After thousands and thousands of years of boredom, one day 'man' looked at the sky and decided to climb up. It was in Catalonia towards the end of the 18th century when 'man' took matters into his own hands and dared to touch the sky. That day the "Castells" tradition was born. More than 200 years later my LC-A captured this beautiful art and it is my duty to share it with you.
‘La Mercè’ is an annual celebration in Barcelona which is filled with history and excitement. This is without a doubt, the city’s best festival. During the week of September 24, the whole city becomes one massive party. You can find live music, art, performances and cultural displays everywhere. During last year’s celebration, we had the opportunity to enjoy the “Castells” or human tower competition. This impressive Catalan tradition was a fantastic experience and definitely my favorite part of the whole festival.
‘Els Castells’ or the human tower building tradition was born in Valls, near Tarragona, in Catalonia, Spain, around the end of the 18th century. This practice is based on the construction of human towers. Different groups formed by ‘castellers’, all dressed up in their traditional outfit (wearing different colors and representing different locations) compete to build the biggest, more complex human tower. Backed by their own Catalan traditional bands that perform beside them. The ‘La Mercè’ ‘Castells’ competition is more than a hundred years old. The whole year ‘castellers’ from different regions of Barcelona prepare for this demonstration of strength, balance, and courage.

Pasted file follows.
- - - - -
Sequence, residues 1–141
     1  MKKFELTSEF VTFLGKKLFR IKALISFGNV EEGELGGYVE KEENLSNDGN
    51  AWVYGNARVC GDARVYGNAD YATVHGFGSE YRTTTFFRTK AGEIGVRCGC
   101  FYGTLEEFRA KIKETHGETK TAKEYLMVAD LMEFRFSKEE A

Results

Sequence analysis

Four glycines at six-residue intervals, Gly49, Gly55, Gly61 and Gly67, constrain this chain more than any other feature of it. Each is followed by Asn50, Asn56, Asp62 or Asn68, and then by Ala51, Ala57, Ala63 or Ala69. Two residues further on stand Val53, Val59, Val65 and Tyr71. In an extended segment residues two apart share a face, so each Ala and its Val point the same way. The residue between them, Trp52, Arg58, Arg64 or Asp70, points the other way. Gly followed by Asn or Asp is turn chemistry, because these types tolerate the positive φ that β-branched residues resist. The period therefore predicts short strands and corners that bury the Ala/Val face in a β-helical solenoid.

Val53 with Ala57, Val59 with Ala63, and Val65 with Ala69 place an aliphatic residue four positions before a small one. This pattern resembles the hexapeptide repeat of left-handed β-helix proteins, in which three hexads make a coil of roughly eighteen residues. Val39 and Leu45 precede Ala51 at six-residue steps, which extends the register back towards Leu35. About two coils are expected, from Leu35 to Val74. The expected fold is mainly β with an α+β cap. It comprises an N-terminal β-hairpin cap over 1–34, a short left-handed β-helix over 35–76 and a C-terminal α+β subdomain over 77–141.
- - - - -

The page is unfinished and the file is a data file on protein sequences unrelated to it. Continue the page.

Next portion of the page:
The competition was held in the Sant Jaume Square, right in front of the city hall. Thousands of people waited for hours under the fierce sun to see the event, and there’s not much room for everybody. We got there an hour before it started and battled our way through the crowd to find a good spot. It was hot, humid, and uncomfortable. But we got to see the spectacle from just a few meters away, and could really experience the whole process and magic of it.
The construction of the ‘Castells’ has two phases. The first one is called the ‘pinya’. The ‘castellers’, mostly the bigger and stronger, pile up together to form the base of the structure, that can also work as a safety net in case of an accident. Then the ‘castellers’ that form the upper levels of the tower, get in position to climb up. When the ‘castellers’ in the ‘pinya’ determine the structure is solid enough to continue, the signal is given to proceed to the next phase.
The bands start playing and the real construction of the ‘Castell’ begins. It is the best part of the show, you can feel the tension and intrigue in the air, and since we were right next to them, we felt more like a part of it. This phase is done as quickly as possible in order to put minimal strain on the ‘castellers’ that form the ’pinya’. The remaining ‘castellers’ climb to their designated places and the ‘enxaneta’, usually a little boy or girl, climbs all the way to the top and raises one hand with four fingers erect, representing the stripes of the Catalan flag. This is a moment of joy and celebration, but for the ‘Castell’ to be a complete success, it has to be dismantled without falling in the process. It is done amidst the cheering of the crowd and this has to be the most exciting part of the event.
The ‘Castells’ is definitely a must-see if you are looking to experience a piece of Catalan history and culture. It is intense, dramatic, and emotional. The competition lasts a few hours and at the end of the afternoon your neck hurts from looking up, it is not the most comfortable setting, but you have to be patient because in the end, it is definitely worth it. When I saw the results out of the lab I knew I had to write this article. The ‘Castells’ was without a doubt the highlight of last year’s ‘La Mercè’ festival and a totally unforgettable experience.